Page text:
The group added that “we have not wavered in seeking justice for Stephon,” recommending that the officers be “fired, charged and convicted…that is what justice, accountability and transparency look like when citizens who are not cops murder. And cops shouldn’t be treated any differently.”
Sacramento for Black Lives went on to say the announcement wasn’t a surprise, but “we still hurt by the reality that Black Lives don’t matter in Sacramento, throughout California, in the United States or throughout the world. Not only does this announcement lack accountability, it fails to offer the most vulnerable community members basic rights to humanity.
“We will not be silenced by, nor respect policies or elected officials who perpetuate the continuation of systemic oppression, trauma and racism. We will not be erased or eliminated from conversations that excludes the reality we are forced to face. We will continue to make this city uncomfortable and challenge the structures of white supremacy that continue to hold us back from racial equity. In the name and legacy of our now ancestor, Stephon Clark, we are committed to continuing the fight to break down the walls of racial oppression,” SBL concluded in a written statement.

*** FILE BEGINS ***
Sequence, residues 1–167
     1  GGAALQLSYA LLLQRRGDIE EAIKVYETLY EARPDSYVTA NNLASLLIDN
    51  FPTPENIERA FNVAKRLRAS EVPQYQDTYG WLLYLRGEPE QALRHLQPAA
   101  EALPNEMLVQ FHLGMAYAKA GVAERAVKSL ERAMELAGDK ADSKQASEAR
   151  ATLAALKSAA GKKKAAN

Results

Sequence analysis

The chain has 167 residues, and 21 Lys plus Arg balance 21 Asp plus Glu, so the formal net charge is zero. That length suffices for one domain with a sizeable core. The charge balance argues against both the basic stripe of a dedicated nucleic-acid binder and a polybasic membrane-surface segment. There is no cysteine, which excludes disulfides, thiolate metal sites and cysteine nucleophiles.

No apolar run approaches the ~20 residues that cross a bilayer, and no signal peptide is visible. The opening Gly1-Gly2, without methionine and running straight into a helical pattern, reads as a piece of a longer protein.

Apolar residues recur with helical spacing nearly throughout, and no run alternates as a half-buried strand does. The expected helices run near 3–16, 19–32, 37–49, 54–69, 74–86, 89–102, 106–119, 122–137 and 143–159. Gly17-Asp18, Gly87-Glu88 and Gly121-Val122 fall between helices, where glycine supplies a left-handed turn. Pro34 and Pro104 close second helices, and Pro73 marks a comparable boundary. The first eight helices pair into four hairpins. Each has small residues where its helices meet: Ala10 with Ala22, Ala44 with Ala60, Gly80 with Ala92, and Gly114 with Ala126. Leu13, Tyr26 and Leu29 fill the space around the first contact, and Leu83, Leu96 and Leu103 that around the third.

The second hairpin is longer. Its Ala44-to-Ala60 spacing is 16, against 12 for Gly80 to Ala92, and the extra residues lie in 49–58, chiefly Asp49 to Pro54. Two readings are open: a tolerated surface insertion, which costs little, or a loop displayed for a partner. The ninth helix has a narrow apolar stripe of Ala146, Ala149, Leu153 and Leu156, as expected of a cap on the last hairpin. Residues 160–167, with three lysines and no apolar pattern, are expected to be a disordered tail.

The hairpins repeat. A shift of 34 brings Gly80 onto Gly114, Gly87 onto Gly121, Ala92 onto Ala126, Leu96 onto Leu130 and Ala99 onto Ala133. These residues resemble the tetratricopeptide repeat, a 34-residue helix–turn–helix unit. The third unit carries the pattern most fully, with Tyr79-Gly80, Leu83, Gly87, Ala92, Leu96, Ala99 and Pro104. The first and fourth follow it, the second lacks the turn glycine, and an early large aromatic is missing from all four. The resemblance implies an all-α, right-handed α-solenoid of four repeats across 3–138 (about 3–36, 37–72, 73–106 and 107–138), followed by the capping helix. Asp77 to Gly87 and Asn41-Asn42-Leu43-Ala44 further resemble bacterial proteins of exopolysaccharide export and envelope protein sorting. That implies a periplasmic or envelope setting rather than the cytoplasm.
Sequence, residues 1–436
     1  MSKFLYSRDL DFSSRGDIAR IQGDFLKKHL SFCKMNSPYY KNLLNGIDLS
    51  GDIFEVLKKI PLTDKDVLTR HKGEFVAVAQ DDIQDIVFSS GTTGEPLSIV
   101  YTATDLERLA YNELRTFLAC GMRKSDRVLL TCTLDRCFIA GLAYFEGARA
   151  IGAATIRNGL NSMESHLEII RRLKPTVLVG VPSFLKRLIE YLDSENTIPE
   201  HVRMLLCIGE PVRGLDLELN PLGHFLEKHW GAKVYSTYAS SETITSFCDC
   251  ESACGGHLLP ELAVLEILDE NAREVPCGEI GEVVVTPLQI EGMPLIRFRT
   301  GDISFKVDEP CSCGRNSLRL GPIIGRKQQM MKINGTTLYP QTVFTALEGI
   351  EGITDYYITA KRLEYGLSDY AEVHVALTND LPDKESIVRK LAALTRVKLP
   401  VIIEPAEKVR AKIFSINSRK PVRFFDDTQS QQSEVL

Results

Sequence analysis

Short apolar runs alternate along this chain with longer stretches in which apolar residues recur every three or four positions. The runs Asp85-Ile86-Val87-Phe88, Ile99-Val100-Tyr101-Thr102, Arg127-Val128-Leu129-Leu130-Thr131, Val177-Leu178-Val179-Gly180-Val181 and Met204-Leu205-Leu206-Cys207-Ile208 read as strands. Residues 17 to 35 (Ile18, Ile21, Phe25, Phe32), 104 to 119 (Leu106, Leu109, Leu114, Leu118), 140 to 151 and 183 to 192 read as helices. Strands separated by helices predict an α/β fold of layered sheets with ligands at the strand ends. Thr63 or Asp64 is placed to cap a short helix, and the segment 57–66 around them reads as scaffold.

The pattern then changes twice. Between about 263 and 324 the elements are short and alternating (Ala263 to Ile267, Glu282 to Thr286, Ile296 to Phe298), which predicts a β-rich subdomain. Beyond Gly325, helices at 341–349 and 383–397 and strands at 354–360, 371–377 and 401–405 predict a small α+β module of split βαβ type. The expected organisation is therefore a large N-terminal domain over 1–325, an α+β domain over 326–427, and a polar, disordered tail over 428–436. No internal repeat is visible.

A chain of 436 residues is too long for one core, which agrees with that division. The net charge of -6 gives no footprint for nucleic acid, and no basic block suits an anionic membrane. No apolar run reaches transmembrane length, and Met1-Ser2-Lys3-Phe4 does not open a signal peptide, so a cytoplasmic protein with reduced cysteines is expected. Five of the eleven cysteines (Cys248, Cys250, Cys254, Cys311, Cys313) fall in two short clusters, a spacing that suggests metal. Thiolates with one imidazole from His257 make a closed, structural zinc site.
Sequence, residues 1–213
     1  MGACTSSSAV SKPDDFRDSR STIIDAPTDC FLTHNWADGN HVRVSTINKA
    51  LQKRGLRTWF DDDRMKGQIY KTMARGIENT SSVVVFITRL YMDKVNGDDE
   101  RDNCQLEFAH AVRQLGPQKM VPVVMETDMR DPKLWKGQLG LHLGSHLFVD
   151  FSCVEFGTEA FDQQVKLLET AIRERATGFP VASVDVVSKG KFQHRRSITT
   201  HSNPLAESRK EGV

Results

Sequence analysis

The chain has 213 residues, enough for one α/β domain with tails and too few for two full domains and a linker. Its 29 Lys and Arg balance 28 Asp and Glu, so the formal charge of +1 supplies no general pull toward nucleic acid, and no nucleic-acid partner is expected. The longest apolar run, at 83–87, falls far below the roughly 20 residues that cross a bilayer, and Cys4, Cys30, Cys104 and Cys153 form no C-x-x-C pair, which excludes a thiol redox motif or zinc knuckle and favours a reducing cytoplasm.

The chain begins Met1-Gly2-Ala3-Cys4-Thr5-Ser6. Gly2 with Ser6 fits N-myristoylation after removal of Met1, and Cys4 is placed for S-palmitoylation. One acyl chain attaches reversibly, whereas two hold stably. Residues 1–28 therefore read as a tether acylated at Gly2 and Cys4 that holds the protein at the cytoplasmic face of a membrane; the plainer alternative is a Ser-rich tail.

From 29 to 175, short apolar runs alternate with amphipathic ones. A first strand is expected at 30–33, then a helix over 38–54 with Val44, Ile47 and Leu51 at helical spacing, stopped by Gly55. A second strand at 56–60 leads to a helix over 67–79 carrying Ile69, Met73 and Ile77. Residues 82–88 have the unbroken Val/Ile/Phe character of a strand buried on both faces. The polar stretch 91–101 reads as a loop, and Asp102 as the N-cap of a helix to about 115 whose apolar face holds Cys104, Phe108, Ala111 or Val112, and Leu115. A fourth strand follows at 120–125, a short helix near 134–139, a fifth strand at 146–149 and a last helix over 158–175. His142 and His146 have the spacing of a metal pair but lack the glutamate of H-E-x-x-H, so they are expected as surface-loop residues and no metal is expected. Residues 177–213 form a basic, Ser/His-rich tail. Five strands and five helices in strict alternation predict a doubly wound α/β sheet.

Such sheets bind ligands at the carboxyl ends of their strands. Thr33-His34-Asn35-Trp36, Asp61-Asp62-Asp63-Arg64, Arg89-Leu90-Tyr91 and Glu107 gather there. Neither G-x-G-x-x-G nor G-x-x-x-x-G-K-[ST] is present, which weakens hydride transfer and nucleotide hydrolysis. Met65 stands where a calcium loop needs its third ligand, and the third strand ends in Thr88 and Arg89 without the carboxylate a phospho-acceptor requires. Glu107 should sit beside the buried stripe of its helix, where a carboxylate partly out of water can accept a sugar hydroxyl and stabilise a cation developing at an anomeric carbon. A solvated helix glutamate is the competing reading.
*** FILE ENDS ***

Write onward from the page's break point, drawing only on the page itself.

SPD Police Chief Hahn also announced that the officers are returning to “full, active duty.” And that drew a response from a national lawyers association with chapters in 200 cities.
“We are not surprised at the news that those who killed Stephon Clark have been ‘cleared.’ It follows the trend across the country where officers are rarely charged and in the rare instances that they are charged, no liability is found by investigating agencies, who are either law enforcement or district attorneys, and have an inherent bias toward police,” said Elizabeth Kim, president of the National Lawyers Guild’s Sacramento Chapter.
“However, the Sacramento Police Department’s announcement to return the shooting officers who killed Stephon Clark back to full active street duty risks reviving feelings of pain in the activist community,” she warned.
“We strongly urge the Sacramento Police Department to re-consider its current policies and recognize the impact such a decision would have in Sacramento and throughout our nation. To return the officers to work after the killing of an unarmed black man sends a dangerous message that there are no consequences for excessive force by law enforcement,” Kim continued.
“As a matter of public policy, we urge (SPD) consider the ramifications this message will bear as a national and local standard for law enforcement practices. The Sacramento Police Department must rethink sending those officers back into the field in the shadow of Gov. Newsom’s signing of AB 392, the Excessive Force Bill,” she said.
The law takes effect Jan. 1 and is the first change in the standard of law enforcement’s use of deadly force in the state in more than a century.